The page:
A few years ago, when Charlie Sheen was scrutinized for his behavior, illicit drugs were implicated as the cause, and while Sheen admitted drug use (extreme quantities of drugs), it is possible mercury toxicity led to his desire for drugs like cocaine. While there are no studies demonstrating the connection between mercury exposure and increased affinity for drugs, there is scientific evidence* linking methylmercury exposure and operant behavior to cocaine use in mammals. Therefore, the short-term effects of cocaine (mental alertness) could make its use attractive since mercury toxicity causes drowsiness, mental disturbances and depression. I was not surprised to learn that there was media speculation that Britney’s “career suicide” back in 2007 may have been the result of illicit drug use. Mercury can elevate blood pressure and mimic signs of anxiety and perhaps drive some people to obtain medication (both prescription and illicit drugs) to alleviate the symptoms. Drugs such as Xanax (alprazolam), Ativan (lorazepam), Klonopin (clonazepam) and Valium (diazepam) are typically prescribed for anxiety. Several of these drugs are listed in the post-death toxicology reports of celebrities Heath Ledger, Michael Jackson, and Whitney Houston. Could mercury toxicity have led to their anxiety? Was mercury the underlying cause of the symptoms for which they sought medication?

In California, sushi is a dietary staple, which puts the “Hollywood” population at higher risk for mercury poisoning than the rest of the nation. However, even outside Hollywood, the popularity of high protein, fish-based diets is greater than ever.

To this day I wonder if Britney Spears, Charlie Sheen and other celebrities who had public meltdowns are the unknowing victims of mercury poisoning. Unless a doctor trained in environmental medicine tests any of them, we may never know.

Passionate about integrative and environmental medicine, together with my mentor, Dr. Lyn Patrick, we develop and led continuing medical education with a focus in environmental medicine. Share with your doctor about Progressive Medical Education. Courses are offered online in a live webinar format; your busy doctor does not need to take time away from the office to travel to a conference.


How many servings of tuna should a person eat?

Use this calculator to determine a safe amount: Mercury Calculator

This mobile app is a good guide on what are good and safe fish to eat. Seafood Watch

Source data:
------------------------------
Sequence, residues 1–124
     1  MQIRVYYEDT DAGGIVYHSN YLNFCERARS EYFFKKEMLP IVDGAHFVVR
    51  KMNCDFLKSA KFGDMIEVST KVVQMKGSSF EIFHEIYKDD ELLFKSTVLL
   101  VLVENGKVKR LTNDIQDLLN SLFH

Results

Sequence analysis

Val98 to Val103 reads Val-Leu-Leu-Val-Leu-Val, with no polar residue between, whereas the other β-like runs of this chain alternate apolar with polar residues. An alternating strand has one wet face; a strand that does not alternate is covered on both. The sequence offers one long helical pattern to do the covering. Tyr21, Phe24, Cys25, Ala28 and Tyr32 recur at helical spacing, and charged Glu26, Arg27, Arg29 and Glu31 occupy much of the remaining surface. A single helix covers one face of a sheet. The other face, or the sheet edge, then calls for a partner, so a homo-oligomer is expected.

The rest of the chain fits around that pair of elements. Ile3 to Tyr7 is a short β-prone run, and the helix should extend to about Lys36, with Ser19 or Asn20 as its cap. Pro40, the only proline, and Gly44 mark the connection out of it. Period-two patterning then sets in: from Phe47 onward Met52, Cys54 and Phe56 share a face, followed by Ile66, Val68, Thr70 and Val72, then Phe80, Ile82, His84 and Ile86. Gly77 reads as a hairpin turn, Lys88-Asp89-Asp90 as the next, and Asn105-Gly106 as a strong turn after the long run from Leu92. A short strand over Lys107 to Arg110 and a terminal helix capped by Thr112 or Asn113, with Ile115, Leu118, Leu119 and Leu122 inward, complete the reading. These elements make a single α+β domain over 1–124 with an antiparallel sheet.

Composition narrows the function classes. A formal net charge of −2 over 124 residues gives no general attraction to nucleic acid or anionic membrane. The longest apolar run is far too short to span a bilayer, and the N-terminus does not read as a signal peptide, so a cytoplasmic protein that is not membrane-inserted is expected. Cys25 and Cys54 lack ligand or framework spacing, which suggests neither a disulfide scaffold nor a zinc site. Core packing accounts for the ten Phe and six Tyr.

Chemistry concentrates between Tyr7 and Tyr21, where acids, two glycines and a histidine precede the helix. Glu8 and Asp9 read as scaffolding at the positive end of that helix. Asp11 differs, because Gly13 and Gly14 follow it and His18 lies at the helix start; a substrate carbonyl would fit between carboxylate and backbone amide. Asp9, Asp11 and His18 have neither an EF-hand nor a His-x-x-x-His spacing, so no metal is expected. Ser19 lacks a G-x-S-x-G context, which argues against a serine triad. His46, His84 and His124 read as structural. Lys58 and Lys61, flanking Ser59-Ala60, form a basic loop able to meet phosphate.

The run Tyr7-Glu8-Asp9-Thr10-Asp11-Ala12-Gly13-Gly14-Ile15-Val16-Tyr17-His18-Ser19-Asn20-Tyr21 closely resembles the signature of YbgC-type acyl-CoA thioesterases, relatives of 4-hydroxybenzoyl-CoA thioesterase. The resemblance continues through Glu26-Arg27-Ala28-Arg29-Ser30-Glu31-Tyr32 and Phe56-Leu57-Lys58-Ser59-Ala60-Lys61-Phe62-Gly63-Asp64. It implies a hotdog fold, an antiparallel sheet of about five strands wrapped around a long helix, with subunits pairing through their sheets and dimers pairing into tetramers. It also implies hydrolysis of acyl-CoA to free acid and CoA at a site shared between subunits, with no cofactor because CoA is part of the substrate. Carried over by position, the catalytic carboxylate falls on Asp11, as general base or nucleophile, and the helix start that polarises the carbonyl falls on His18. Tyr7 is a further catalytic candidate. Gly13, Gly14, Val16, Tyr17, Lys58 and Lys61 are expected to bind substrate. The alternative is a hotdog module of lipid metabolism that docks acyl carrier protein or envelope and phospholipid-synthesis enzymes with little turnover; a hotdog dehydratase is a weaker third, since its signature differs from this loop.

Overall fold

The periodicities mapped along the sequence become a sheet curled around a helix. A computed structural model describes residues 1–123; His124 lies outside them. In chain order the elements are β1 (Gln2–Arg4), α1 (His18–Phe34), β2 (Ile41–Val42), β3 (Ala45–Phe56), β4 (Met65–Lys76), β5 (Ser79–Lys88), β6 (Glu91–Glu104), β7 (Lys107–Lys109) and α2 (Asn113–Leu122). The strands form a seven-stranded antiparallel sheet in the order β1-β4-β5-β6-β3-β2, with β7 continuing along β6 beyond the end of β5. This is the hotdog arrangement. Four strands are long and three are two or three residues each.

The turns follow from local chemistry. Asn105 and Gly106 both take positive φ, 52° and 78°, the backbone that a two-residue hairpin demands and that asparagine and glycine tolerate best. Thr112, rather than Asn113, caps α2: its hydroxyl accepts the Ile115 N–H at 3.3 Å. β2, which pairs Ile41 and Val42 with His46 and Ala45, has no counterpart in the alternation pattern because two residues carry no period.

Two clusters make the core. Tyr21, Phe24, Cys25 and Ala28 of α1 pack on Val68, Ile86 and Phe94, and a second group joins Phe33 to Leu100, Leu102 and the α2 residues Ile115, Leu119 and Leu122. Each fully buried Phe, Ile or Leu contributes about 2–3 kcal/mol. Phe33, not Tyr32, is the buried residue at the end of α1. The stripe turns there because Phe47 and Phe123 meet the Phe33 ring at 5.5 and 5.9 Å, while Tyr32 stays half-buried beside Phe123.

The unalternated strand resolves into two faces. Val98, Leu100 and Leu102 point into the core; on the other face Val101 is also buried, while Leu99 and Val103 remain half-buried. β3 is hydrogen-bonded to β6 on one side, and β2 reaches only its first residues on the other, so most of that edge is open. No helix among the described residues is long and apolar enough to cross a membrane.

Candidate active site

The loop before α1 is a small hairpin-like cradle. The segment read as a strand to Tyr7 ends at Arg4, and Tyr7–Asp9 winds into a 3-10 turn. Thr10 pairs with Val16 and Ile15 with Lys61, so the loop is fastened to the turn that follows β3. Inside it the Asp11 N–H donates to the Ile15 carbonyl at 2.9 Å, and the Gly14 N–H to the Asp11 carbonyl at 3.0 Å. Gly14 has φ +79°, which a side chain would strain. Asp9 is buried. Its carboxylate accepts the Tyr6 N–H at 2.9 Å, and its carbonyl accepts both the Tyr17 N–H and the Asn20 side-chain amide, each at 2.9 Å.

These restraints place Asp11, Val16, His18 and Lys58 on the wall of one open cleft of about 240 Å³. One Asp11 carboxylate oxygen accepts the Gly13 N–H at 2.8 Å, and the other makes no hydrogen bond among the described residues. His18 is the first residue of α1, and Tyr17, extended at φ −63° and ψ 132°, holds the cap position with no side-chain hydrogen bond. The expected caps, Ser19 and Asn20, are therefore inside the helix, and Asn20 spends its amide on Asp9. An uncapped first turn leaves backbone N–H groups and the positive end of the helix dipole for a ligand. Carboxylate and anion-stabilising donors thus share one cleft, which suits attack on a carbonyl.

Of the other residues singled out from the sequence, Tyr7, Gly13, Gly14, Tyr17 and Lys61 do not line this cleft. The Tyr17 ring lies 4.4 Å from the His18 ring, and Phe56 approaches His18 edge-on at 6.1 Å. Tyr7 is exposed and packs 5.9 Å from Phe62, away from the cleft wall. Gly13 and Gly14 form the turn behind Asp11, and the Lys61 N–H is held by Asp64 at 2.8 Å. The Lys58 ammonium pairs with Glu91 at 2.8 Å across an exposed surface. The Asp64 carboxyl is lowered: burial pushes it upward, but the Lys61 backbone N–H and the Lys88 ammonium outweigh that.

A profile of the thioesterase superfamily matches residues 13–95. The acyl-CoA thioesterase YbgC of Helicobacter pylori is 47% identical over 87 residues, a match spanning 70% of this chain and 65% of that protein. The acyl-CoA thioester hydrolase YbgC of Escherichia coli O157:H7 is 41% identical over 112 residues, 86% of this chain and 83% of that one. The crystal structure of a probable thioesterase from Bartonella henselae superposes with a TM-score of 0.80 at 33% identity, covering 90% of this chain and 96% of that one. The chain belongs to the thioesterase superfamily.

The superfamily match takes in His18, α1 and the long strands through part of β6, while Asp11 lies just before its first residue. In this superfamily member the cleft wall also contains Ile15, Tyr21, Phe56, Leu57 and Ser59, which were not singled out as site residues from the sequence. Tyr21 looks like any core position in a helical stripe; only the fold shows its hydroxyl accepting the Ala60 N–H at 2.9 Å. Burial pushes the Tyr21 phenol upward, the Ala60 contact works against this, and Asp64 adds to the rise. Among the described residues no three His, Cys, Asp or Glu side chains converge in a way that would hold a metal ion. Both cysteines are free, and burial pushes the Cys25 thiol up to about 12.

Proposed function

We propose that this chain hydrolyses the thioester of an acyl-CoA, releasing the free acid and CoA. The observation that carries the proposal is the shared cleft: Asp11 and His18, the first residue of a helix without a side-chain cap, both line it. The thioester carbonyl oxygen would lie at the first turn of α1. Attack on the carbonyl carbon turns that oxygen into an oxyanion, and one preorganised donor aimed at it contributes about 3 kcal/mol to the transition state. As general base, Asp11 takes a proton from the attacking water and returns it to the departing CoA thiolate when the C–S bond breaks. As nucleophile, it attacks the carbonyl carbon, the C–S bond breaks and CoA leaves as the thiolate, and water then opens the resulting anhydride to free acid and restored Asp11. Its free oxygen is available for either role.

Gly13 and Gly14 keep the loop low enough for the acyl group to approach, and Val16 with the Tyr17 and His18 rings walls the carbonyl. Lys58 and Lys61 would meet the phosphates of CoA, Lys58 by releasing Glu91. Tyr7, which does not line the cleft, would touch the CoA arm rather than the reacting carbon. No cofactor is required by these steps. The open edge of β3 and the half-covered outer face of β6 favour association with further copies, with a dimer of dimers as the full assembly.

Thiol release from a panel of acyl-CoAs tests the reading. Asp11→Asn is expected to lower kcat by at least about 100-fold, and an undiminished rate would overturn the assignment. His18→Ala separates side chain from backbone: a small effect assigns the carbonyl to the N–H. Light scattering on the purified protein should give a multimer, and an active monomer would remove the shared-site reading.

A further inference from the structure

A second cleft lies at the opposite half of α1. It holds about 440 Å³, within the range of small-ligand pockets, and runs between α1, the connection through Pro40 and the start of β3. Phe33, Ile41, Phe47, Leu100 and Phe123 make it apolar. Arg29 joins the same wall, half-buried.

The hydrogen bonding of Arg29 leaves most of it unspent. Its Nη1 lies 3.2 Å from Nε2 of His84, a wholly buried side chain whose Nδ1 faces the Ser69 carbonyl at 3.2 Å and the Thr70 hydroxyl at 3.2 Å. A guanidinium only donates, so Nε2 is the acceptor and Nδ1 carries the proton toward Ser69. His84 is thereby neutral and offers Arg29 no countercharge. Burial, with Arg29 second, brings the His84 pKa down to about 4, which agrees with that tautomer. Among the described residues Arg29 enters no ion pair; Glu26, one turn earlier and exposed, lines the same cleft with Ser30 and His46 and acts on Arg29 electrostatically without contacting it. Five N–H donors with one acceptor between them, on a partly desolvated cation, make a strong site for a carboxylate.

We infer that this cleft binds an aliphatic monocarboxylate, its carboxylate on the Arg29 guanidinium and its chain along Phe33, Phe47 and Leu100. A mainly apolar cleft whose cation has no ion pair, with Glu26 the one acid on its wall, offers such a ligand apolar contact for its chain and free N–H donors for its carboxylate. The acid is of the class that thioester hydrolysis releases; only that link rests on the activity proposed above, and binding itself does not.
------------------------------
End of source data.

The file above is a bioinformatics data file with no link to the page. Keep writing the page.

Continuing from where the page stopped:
This is another great app to see how much mercury is in fish. It’s called Mercury In Fish by Nirvino.

What about other fish?

The following fish are high in mercury. Eat no more than one serving from this list per month:

Mahi mahi

Blue mussel

Eastern oyster



Great Lakes salmon

Gulf Coast blue crab

Channel catfish (wild)

Lake whitefish

The following fish are low in mercury. You can safely eat small servings per month depending on your weight:

Blue crab (mid-Atlantic)


Fish Sticks

Flounder (summer)


Trout (farmed)

Salmon (wild Pacific)


Are you at risk for mercury poisoning?

If you eat fish on regular basis, use skin lighteners or are exposed to heavy metals, you may want to contact a naturopathic doctor or physician trained in environmental medicine and get yourself tested.

What are the signs and symptoms of mercury toxicity?

Depression, memory loss, erratic behavior, infertility, weight gain, autoimmune problems, tremor, coordination, balance issues, anxiety, hypertension, headache, fatigue, trouble concentrating, hair loss, and intermittent stomach upset are among the symptoms.

If you believe that you may be experiencing the symptoms of mercury poisoning, seek the advice of a licensed naturopathic doctor or physician trained in environmental medicine. Beware of anyone who claims he or she can provide you with a dietary supplement to clear heavy metals or provides a “detox foot bath” as a primary method of pulling metals out of the body.


*Gestational methylmercury exposure selectively increases the sensitivity of operant behavior to cocaine. Reed, Miranda N.; Newland, M. Christopher. Behavioral Neuroscience, Vol 123(2), Apr 2009, 408-417.